The Hobbit and Lord of the Rings

This last weekend I binge watched the Hobbit. All 9 hours of it. I was going to watch the Lord of the Rings the following day but I couldn’t bring myself to do it. Instead, I thought I would do some reflecting on the story and its strengths as well as its weaknesses.

Yes, I’m going to be that person right now and critique a fantastic work of art. It is actually something I began doing many years ago as I took story telling serious for the first time and worked on becoming a much better writer.

I prefer the story of the Hobbit more than Lord of the Rings. Part of this is personal preference as I could just as easily make the case that LotR is the better story. But let me start with The Hobbit.

The Hobbit is one of my favorite stories. I found an illustrated copy of the book and I cherish it. Tolkien’s brilliance in this story, as in the subsequent adventures, is that he takes the creature of a Hobbit, which is supposed to be a very comfort loving, generous, polite and yet, not necessarily brave being, and he turns him into a hero. Perhaps it was his experience with world wars in which very common men were pressed to service and many acted quite heroically, but regardless the character of the Hobbit allows everyone to imagine that they too could be a hero.

Besides the ability to connect with the main character, Bilbo Baggins, who was practically dragged into the adventure to start, the hobbit represents wonderful characteristics like loyalty and what it means to be a good friend. He accompanies the dwarves who are the yin to his yang; unrefined, rude, yet courageous and even reckless. They are a wonderful fit and they draw from one another well throughout the adventure.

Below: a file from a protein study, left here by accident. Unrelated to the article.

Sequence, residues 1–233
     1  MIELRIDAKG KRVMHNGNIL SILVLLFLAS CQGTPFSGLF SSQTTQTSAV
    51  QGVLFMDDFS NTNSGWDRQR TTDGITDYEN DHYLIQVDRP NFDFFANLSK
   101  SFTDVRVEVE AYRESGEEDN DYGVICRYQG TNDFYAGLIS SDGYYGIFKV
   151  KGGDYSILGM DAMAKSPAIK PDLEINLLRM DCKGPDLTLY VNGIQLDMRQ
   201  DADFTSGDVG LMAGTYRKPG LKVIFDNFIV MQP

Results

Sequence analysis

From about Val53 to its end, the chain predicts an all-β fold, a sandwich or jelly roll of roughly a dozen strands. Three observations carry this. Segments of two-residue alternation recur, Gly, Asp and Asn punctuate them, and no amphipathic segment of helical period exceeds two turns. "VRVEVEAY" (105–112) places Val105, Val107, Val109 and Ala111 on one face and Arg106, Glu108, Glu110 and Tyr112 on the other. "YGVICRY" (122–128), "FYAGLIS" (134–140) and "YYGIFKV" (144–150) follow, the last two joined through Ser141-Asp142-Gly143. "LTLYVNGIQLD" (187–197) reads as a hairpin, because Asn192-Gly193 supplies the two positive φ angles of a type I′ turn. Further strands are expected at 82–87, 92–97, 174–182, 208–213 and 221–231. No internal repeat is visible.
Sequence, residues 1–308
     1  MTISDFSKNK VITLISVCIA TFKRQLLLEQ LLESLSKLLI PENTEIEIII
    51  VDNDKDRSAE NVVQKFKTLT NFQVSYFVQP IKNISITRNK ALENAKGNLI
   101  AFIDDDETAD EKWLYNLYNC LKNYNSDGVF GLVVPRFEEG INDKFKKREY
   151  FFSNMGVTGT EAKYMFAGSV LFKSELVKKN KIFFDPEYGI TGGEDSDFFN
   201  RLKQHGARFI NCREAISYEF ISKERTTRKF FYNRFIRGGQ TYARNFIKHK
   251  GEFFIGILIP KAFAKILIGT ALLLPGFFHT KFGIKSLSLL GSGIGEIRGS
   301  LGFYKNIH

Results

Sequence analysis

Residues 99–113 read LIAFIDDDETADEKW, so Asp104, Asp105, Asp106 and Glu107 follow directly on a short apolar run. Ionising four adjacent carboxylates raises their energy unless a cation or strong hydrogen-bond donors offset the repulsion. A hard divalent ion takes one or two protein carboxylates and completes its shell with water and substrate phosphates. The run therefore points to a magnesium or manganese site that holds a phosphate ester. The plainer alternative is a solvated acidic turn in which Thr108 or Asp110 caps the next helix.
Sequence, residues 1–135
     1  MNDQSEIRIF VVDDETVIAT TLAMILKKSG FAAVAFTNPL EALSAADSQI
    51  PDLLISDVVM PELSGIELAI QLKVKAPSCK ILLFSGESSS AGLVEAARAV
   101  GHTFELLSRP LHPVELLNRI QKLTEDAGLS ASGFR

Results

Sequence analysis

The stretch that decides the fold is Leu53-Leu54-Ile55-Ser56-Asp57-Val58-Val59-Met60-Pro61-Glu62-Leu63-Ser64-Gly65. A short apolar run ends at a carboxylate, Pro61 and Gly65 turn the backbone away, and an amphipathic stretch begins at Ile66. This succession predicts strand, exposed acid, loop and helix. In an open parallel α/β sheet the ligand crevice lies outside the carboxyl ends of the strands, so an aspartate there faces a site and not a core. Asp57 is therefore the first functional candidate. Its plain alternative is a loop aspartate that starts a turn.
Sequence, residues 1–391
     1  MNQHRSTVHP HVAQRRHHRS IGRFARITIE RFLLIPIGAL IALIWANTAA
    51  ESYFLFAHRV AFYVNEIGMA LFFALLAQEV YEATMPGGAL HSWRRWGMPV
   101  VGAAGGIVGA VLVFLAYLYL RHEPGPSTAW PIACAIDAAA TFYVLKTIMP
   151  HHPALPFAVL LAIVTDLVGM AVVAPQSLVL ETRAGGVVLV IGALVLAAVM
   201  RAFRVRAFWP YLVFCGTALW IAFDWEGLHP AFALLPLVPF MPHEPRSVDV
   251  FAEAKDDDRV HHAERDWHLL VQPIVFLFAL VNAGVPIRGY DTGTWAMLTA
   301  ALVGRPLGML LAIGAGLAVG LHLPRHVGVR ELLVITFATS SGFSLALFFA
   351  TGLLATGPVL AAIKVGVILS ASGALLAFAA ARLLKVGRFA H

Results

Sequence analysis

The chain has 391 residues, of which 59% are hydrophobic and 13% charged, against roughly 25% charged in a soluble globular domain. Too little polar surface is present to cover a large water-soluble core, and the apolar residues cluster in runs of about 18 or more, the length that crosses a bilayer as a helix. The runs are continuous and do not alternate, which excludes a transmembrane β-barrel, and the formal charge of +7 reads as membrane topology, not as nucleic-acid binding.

One cannot ignore how well Tolkien keeps the story pushing forward with wonderful action. Orcs, goblins, giants, trolls and of course a dragon keep the tension high throughout. It is practically one perilous encounter after another all the way to the end. I absolutely love it.

The Lord of the Rings is another masterpiece and likely the greater story overall when looked at critically. Why? Well because of the varied and deep characters. Each represents something a little different and so there is really no redundancy when considering our main characters. Perhaps Merry and Pippin were a little redundant but the pair of them act a bit like one so it works well.

The characters are so fantastic it is difficult to pick a favorite one. The dynamic between the dwarf and the elf is amazing, two traditional rivals. Gandalf the wizard is even better in this work than the first. Even the secondary characters are wonderful.

The hobbits steal the show however and the dynamic between Frodo and Samwise is simply amazing. It’s a wonderful good vs evil story in which the themes revolving around friendship are probably the strongest. Once again there is amazing hope found in some of the humblest characters which should give all of us inspiration to strive towards courage and honor.

I could complain about how some of the names are a bit too similar or how Tolkien gets a little lost describing the forests and setting, but really those are just petty things to focus on.

There is really only one plot problem in my mind. It’s the damn eagles. For me, the eagles create an issue because they tend to save the story when Tolkien has written it into a corner that isn’t easy to escape. They appear multiple times and always when it seems like all will be lost but if they are easy enough to call upon, then why wouldn’t you merely call them immediately to resolve the problem before it escalates to that point?

In The Hobbit it would have been much easier to simply ride them all the way to the mountain, bypassing many treacherous encounters and saving a ton of time.

In The Lord of the Rings it would have been a much better plan if Gandalf had immediately called upon them to carry Frodo directly to the mountain and drop the ring in, rather than saving him once he finally got there. If they always manage to arrive when they are desperately needed, then they should have been available before they even got to that point. It’s suspicious.

Look, I’m not saying I’m better than Tolkien. I’m not. And I’m not saying the works aren’t brilliant. They are. However, the eagles are problematic and seem like some lazy writing in the end. They represent my only real criticism of the books.

Obviously the books are iconic and gave rise to a whole popular genre of literature. I value them greatly and all fantasy writers owe Tolkien a tremendous homage to him as his work.

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